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Author: Subject: do-it-yourself nuclear magnetic resonance spectroscopy
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[*] posted on 21-9-2011 at 10:51


Quote: Originally posted by aliced25  

Sitting here laughing about the number of blackened fingernails and blood-blisters (aside from cuts from shattered magnets) I've acquired.

Urgh. Sorry, mate. Wish it was otherwise.
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[*] posted on 23-9-2011 at 19:21


here is a bloody interesting paper - it really goes into the nitty gritty of how the researcher 'did' build a working NMR Spectrometer and then goes off into conjecture into how he'd improve it.

Given the accessibility of the TMS320 series and the McBSP channels integrated into most of them, it comes up with some interesting ideas. Reducing the number of DDS chips from 2 to 1 also makes a great deal of sense. Why this needs to work with a smart phone when any real research work would presumably have at least a laptop/etc. is beyond me. If the complex processing/mathematics were handled on the PC/Laptop/Tablet/whatever then the complexity (parts count, layers, IC's, etc) on the board (plus temperature problems) become less of an issue.

The current magnet is 1.132T with inhomogeneity in the >1,000 ppm range which would appear to be significantly better than that used in that article (and in others), with the complex & phase-shifted signals used to cancel out inhomogeneity on a much larger scale.




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[*] posted on 7-10-2011 at 22:05


Ok, playing with Mathematica and FEMM, got two designs on the boil, we'll be playing in the ~60 & ~90MHz range using small Permanent magnets.

Spin Echo pulses were first reported by Hahn (1950) (in the ref request thread), discussed by Solomon (1955) and also by Carr & Purcell (1954).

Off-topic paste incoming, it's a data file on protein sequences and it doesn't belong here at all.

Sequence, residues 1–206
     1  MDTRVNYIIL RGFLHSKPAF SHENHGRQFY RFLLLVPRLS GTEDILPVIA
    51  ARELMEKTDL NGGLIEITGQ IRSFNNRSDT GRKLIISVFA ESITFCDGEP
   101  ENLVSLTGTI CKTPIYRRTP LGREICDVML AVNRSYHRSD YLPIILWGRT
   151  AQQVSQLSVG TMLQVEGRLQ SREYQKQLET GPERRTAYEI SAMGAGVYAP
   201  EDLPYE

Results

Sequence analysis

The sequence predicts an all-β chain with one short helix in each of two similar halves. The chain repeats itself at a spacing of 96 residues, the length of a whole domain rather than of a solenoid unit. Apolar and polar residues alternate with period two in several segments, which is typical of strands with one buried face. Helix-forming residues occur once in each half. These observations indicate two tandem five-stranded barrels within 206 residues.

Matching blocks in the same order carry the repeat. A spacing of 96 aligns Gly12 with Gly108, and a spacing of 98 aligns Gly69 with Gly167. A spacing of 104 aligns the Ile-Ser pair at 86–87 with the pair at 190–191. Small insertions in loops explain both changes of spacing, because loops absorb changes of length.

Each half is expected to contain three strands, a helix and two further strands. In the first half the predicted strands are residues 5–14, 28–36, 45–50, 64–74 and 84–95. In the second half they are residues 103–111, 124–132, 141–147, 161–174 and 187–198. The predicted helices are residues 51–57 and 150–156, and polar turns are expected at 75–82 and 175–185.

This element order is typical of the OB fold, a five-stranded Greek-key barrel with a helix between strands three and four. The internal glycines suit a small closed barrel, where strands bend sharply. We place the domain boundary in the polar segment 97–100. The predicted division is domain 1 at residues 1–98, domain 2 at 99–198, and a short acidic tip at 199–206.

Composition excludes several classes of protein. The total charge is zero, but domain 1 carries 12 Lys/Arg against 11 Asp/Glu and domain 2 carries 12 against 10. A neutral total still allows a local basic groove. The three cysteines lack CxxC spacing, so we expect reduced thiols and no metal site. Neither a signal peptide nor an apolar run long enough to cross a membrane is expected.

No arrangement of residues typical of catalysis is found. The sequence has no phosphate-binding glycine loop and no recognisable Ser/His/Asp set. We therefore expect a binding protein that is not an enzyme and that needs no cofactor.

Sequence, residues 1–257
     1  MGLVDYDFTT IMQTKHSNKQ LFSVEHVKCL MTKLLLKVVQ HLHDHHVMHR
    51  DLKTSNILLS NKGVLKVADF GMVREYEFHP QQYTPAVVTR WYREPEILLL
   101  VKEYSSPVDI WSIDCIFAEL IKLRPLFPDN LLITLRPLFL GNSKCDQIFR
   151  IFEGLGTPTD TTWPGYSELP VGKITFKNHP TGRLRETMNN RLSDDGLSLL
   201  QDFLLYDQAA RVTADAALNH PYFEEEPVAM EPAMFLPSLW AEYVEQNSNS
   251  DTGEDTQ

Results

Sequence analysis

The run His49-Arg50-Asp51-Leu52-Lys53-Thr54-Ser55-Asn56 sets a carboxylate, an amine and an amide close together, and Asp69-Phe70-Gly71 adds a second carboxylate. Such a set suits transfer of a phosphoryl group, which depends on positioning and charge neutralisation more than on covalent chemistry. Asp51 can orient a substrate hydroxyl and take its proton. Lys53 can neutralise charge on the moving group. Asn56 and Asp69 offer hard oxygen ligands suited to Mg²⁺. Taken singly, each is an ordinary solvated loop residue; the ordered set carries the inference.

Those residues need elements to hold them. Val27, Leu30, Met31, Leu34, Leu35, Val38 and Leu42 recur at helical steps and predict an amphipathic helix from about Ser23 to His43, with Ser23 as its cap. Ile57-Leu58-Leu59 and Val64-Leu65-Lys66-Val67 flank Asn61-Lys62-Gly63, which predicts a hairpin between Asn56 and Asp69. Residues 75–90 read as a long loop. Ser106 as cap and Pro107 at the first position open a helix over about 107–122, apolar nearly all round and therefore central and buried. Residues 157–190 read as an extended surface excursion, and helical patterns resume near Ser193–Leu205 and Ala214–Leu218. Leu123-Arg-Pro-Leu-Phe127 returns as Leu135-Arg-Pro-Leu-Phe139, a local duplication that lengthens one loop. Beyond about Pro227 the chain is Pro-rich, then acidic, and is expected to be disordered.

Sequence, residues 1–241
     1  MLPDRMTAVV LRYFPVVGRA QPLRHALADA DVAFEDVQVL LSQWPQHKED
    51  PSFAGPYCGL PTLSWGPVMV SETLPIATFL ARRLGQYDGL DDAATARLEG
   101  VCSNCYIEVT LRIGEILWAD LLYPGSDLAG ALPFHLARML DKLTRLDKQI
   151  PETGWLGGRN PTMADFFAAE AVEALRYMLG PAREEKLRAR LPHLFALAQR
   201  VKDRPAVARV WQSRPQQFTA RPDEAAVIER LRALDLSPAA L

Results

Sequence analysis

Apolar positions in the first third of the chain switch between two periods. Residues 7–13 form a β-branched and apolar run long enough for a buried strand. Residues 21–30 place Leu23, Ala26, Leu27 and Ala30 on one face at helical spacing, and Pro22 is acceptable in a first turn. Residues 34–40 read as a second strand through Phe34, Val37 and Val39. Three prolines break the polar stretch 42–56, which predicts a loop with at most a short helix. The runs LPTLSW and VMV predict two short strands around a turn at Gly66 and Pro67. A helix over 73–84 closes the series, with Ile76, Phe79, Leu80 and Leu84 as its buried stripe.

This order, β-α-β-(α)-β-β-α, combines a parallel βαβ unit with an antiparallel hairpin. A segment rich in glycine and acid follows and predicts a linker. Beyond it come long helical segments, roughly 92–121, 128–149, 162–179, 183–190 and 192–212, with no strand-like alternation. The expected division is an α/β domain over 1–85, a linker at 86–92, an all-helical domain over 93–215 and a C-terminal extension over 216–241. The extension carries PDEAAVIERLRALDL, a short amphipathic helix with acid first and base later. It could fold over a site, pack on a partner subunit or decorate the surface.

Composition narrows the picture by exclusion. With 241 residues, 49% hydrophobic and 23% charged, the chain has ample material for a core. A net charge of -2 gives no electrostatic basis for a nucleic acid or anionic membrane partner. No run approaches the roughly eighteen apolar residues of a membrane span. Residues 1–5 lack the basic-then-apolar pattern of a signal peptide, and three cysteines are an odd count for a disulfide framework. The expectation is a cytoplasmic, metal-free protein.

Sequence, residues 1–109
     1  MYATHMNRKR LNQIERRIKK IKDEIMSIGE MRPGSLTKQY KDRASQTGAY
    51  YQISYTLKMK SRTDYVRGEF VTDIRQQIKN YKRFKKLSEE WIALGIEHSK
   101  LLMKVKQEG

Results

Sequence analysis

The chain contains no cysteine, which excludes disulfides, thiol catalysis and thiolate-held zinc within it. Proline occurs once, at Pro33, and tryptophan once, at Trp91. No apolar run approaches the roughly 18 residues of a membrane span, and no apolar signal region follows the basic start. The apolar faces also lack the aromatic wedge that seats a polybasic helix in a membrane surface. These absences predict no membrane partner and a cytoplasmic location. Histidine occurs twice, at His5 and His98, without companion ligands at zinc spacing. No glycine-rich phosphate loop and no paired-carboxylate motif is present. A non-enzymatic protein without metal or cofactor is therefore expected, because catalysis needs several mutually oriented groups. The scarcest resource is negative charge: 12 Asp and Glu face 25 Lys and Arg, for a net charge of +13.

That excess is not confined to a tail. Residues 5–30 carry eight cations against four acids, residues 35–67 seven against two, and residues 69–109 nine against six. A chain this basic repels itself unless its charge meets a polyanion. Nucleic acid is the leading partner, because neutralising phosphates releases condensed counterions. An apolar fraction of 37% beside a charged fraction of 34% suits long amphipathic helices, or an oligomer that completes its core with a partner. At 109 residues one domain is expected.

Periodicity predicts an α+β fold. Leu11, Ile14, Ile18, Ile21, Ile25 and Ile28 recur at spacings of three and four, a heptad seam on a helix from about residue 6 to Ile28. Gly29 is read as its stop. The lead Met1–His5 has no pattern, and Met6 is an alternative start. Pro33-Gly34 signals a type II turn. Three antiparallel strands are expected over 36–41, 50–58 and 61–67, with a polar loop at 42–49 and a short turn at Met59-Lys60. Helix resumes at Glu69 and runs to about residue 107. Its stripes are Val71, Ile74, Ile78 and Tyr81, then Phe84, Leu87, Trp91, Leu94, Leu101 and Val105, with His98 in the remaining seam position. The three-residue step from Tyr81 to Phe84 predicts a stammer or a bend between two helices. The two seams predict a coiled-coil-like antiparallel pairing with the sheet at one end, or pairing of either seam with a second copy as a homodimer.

It would appear that the industry (and research) has gone off on a tangent from that point, the calculations involved in working back from T1-T2 to get a narrow linewidth spectrum are not trivial (particularly in 1950's terms), whereas Golay's invention of shim coils made work on the concept unnecessary. It was easier and probably a great deal cheaper to design and build bigger and bigger magnets than to even try and contemplate quantum computing (which of course would allow the complex algorithms to be run in next-to-real-time).





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[*] posted on 8-10-2011 at 01:41


Anbody had schematic on modern components, not from vacum tubes:) ?
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[*] posted on 10-11-2011 at 04:09


Ok, looking very seriously at this now, as stated in several articles, we aren't going to be transmitting while we are receiving, so if the output can be digitized effectively (24-Bit Sigma-Delta ADC), a bandpass filter could* "potentially" be used to block the unwanted pulse-signal (thereby significantly reducing the complexity of the signal chain - no carrier wave, no modulation/demodulation, etc.) which is significantly higher than the ppm FID signals (which would be, given that 1MHz = 1,000,000 Hz, so the 0-15ppm shifts below 1KHz). The idea being that there is no data collected until the signal coming out of the receiver coil drops below the bandpass (could we use 1KHz?)

* Anyone got any reason why it wouldn't work?




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[*] posted on 2-12-2011 at 20:13


According to FEMM if one were to utilize a certain design (using 25mm cubes as well as other components), the output in a central bore section is 125MHz. The homogeneity is 2.93794-2.93798T through that bore, which is around 13-14ppm prior to shimming.

femm.output.2.937976T.jpg - 23kB




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[*] posted on 13-3-2012 at 08:23


Quote: Originally posted by aliced25  
Ok, looking very seriously at this now, as stated in several articles, we aren't going to be transmitting while we are receiving, so if the output can be digitized effectively (24-Bit Sigma-Delta ADC), a bandpass filter could* "potentially" be used to block the unwanted pulse-signal (thereby significantly reducing the complexity of the signal chain - no carrier wave, no modulation/demodulation, etc.) which is significantly higher than the ppm FID signals (which would be, given that 1MHz = 1,000,000 Hz, so the 0-15ppm shifts below 1KHz). The idea being that there is no data collected until the signal coming out of the receiver coil drops below the bandpass (could we use 1KHz?)

* Anyone got any reason why it wouldn't work?